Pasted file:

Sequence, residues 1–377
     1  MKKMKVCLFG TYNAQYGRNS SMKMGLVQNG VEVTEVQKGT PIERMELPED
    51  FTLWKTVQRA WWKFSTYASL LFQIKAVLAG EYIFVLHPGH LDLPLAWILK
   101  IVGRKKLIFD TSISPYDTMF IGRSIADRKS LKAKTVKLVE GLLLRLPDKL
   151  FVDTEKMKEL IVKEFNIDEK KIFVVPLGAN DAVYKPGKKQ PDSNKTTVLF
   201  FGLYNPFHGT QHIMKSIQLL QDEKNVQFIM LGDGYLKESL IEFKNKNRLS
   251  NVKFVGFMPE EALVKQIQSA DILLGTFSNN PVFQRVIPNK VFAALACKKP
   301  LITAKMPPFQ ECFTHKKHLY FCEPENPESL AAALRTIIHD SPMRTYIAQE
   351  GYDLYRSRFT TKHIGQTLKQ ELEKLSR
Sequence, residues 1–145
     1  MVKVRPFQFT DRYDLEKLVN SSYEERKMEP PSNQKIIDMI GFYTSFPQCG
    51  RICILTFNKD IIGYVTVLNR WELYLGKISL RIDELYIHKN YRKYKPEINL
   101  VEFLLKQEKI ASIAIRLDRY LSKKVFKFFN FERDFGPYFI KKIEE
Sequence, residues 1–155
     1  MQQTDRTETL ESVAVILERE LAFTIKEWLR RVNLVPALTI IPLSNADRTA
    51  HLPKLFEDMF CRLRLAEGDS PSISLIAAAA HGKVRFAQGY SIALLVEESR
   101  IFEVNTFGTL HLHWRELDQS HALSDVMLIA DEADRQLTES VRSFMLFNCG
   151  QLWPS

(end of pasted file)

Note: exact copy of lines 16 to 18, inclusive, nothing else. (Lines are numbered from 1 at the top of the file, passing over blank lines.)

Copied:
    51  HLPKLFEDMF CRLRLAEGDS PSISLIAAAA HGKVRFAQGY SIALLVEESR
   101  IFEVNTFGTL HLHWRELDQS HALSDVMLIA DEADRQLTES VRSFMLFNCG
   151  QLWPS